The trees are glued to large metal washers for support. The metal of the washer is coated in a mix of sand, brown weathering powder, and glue. Drippings of flock, tree bits, etc are added to the base while wet.
Monday, March 9, 2015
I attended Cold Wars up in Pennsylvania this weekend. I came in 2nd place in painting behind Steve's extra cool Australian desert rat force. Kudos to Steve for setting the bar higher. I decided to put a display board together the day before I had to drive up to Pennsylvania. Our gaming group's Tobruk table has been under design for a while, so I thought it would be a good time to test out some of the techniques. I am really happy with how this came out. It was my first time attempting water, so it was a big leap.
Stuff that worked:
- Magic merlin as a sealant all over the board
- small slate, large slate, and sand along the sides of the road
- first pour of the water effects.
- Tallarn desert paint with Secret Weapon Burning sands weathering powder.
Stuff that failed:
- foam at the waters edge (Vallejo Foam, you are out!)
So what about Cold Wars? It was eye opening. It was great. It was full of snow. Hopefully Dave Taylor will post some photos on his blog so everyone can see some of the inspiring tables. Some of the game masters have spent years putting their tables and scenarios together, and it shows. Game Mastered events are just better. The Bolt Action tournament had lovely asymmetrical terrain, but suffered from 40k-styled uber-lists, and weird scenarios.
Wednesday, March 4, 2015
I've decided to attend Cold Wars, up in Lancaster PA this weekend, and thought it would be fun to complete at Soviet force for Bolt Action. A while ago Steve and I painted the Warlord Games starter set for a friends 30th birthday. For my army, I wanted to see if I could paint the entire force in two days. That force consists of over 120 troops, one tank, and two artillery pieces. Unlike Owen's force, I decided to give Plastic Soldier Company a go, purchasing their troops. The only Warlord piece in the army is the T34.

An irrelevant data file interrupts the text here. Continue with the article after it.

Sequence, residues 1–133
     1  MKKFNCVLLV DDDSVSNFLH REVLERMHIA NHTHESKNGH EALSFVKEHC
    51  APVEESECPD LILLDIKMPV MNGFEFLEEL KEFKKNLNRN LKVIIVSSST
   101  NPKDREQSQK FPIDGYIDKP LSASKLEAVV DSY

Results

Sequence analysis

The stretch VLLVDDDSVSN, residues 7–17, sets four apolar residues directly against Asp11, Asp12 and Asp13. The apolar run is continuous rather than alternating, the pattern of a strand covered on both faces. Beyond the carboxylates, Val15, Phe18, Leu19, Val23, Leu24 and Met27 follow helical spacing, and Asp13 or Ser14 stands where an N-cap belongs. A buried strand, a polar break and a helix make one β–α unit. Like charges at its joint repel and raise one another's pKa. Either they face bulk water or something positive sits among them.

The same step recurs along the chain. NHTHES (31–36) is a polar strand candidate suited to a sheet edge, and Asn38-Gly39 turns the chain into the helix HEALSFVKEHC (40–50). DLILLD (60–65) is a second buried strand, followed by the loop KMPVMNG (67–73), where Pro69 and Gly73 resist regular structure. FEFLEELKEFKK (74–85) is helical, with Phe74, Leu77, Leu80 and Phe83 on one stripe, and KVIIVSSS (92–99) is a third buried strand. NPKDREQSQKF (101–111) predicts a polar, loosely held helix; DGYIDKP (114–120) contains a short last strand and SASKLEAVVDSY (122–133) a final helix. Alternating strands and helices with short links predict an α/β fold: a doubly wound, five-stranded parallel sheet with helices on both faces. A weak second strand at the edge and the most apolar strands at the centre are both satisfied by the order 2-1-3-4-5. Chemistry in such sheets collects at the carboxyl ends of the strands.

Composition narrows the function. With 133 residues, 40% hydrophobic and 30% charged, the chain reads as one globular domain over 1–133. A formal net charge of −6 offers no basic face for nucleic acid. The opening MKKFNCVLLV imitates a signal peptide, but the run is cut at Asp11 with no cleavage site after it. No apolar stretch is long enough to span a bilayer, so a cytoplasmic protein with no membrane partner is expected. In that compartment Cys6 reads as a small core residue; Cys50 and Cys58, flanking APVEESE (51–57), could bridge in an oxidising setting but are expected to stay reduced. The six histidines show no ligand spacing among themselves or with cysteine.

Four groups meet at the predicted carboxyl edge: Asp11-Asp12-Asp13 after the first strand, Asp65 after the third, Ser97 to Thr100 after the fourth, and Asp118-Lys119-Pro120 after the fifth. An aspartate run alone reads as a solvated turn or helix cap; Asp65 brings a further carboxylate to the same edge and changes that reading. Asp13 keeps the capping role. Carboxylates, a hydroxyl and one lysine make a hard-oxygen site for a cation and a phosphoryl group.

What you see here is the result. After realizing the PSC miniatures were sub-par, I decide to just paint fast and loose. I figured that if I did not paint them all at once, that virtually any other miniature on my painting backlog would take priority. This was a paint or eBay moment! The models only cost ~$70 for 3 boxes, so it certainly an economical way to build an army.
Almost all of this force was painted by airbrush. I used the experiment to practice my skills. At the end I did use oils to blend the colors together. That was hit and miss based on the softness of the detail. In the end, all 120+ troops were completed in under 24 hours of painting time. I had to wait for the artillery pieces and the tank to come in, but those took an additional 8 hours of work. I met my goal. An entire Soviet Bolt action force painted in under 48 hours. Given that I had 6 of every pose, and the models themselves were not that good, I used a little trick to spice them up. The brightest spots on the models are the white and yellow flowers. I did this to draw the eye away from the unseemly models themselves. I think it might have worked. Normally I would want to highlight the model's face, but here I wanted the model to slip into the background.
So, you've seen the models, these will never win a painting award, or even come close. They will look good massed on the table top preparing to assault German forces. The will provide hours of fun for our gaming groups.
For all the warts, I am pretty pleased with the experiment. Ironically I now have a larger Soviet force than my DAK force. I'll have to solve that problem right after I complete my 101st airborne.